Sitkans helping sitkans face devastating loss

“Yee Gu.aa Yáx X’wán,” goes a traditional Tlingit farewell: “Be of brave heart.”

Of course, that can be easier said than done when facing terminal illness or the physical and mental deterioration that accompany aging—for individuals as well as their families.

“These are intense situations, involving people at very challenging points in their lives,” says Willow Moore, executive director of Brave Heart Volunteers, a non-profit organization that provides free services including education, information, referral, respite, case-management and volunteer visiting for Sitka’s isolated, ill, elderly and grieving.

“Our volunteers—who range in age from families with small children to 90—help these people maintain the highest quality of life possible, for as long as possible.”

Serving more than 400 Sitkans each quarter—nearly 5 percent of the city’s population—Brave Heart Volunteers fills a gap common to the small, isolated communities of Southeast Alaska: end-of-life/hospice care and associated bereavement support.

“Sitka’s a great place to live,” says Moore. “We want to extend that to the whole lifecycle. Unless you plan on living forever, you’ll face end-of-life issues sometime. You should face them with the support of your community.”

While Brave Heart’s volunteers are trained (and screened), they don’t provide nursing, per se, although the organization routinely connects care receivers with various medical—not to mention legal and financial—resources.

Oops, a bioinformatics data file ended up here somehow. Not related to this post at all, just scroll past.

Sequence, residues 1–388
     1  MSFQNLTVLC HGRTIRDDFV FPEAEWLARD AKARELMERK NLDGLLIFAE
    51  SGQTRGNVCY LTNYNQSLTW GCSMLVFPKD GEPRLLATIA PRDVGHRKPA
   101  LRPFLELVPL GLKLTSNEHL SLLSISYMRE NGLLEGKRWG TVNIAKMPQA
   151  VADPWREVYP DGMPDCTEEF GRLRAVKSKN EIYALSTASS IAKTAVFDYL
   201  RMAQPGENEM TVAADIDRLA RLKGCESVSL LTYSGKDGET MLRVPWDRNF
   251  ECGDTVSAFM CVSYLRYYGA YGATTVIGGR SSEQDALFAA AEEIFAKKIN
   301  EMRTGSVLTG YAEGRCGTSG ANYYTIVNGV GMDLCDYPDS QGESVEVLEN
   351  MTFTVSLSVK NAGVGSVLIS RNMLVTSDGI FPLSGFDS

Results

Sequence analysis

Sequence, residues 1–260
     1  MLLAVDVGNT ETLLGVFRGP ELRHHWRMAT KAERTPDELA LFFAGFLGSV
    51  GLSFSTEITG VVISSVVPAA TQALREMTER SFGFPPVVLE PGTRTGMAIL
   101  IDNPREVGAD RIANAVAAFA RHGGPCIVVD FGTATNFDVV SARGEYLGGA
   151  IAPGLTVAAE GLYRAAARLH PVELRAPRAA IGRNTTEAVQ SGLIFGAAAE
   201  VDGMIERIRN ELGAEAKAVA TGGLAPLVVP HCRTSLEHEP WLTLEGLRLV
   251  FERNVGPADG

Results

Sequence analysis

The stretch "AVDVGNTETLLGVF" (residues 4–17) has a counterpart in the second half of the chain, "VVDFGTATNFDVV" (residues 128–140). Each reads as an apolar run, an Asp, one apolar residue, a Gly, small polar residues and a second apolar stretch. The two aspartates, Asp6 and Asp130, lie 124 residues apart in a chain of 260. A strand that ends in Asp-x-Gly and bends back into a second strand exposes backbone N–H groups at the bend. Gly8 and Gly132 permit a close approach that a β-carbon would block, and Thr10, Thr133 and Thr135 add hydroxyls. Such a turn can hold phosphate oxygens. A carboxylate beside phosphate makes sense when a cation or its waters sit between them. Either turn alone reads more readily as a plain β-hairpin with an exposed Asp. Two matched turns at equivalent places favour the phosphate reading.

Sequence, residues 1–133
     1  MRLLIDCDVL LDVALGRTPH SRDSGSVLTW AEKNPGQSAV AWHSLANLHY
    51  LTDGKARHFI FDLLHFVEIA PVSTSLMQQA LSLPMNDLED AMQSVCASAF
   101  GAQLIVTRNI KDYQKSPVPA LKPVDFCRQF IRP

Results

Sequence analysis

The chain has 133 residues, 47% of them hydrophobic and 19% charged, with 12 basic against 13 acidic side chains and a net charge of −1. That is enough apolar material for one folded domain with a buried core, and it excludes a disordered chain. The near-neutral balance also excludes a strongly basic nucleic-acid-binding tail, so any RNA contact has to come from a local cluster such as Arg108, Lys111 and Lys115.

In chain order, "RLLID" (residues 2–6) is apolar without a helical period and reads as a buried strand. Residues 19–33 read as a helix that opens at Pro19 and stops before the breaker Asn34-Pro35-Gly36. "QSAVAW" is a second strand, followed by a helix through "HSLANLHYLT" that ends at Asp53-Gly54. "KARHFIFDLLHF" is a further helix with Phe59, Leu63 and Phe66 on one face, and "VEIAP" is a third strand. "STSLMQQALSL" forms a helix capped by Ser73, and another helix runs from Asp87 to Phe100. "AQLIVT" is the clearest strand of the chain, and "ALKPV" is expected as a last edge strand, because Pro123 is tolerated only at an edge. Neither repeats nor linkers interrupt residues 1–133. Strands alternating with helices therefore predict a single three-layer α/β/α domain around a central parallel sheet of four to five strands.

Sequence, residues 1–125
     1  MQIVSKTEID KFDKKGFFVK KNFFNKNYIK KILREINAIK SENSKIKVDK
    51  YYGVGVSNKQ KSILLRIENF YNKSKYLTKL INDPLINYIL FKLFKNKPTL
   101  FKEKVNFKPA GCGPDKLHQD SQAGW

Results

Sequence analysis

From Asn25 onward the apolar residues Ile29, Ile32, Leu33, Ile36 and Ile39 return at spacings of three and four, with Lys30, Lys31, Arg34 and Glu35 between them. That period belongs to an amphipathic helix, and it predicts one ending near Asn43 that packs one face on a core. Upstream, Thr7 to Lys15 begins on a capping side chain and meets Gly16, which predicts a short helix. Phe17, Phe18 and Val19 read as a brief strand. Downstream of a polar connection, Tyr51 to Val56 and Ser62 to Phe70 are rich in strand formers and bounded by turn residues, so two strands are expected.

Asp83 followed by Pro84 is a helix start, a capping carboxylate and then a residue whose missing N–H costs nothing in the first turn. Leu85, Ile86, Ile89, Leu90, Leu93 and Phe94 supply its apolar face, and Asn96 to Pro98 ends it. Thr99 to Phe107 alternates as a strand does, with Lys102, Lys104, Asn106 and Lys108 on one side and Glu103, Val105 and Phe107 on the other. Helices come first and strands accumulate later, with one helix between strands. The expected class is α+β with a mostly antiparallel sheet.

Rather, volunteers offer “compassionate care”: companionship, conversation and comfort. This ranges from light chores and laundry to shopping and errands, simple meal preparation and yard work to letter writing and reading, or just sitting and visiting.

“Taking care of a parent or spouse with a terminal illness or living with someone who no longer knows who they are can be very challenging,” says Moore, noting the recipients Brave Heart Volunteers care frequently suffer from Alzheimer’s disease and related dementia.

“Our volunteers often give the family the gift of time to take a break knowing their loved ones are in good hands.”

Largely volunteer-driven, year-round and free-of-charge, Brave Heart Volunteers is a prime example of United Way’s “Live United” movement, a collective belief in the power of working together for a common purpose. The Brave Heart volunteer roster numbers in the hundreds. An end-of-life situation can involve as many as 20 volunteers for each care receiver, and family members of care receivers routinely become volunteers, themselves.

“The families we serve like to thank us by volunteering,” says Moore. “And more than 80 percent become donors.”

Grassroots origins

Brave Heart Volunteers also runs caregiver support and education groups, legal and financial planning workshops, grief counseling and a drop-in lending library/resource room, in addition to music and storytelling groups at the Pioneer Home. Given this scope of services, it’s surprising to learn that Brave Heart Volunteers is only 12 years old, especially considering its grassroots origins.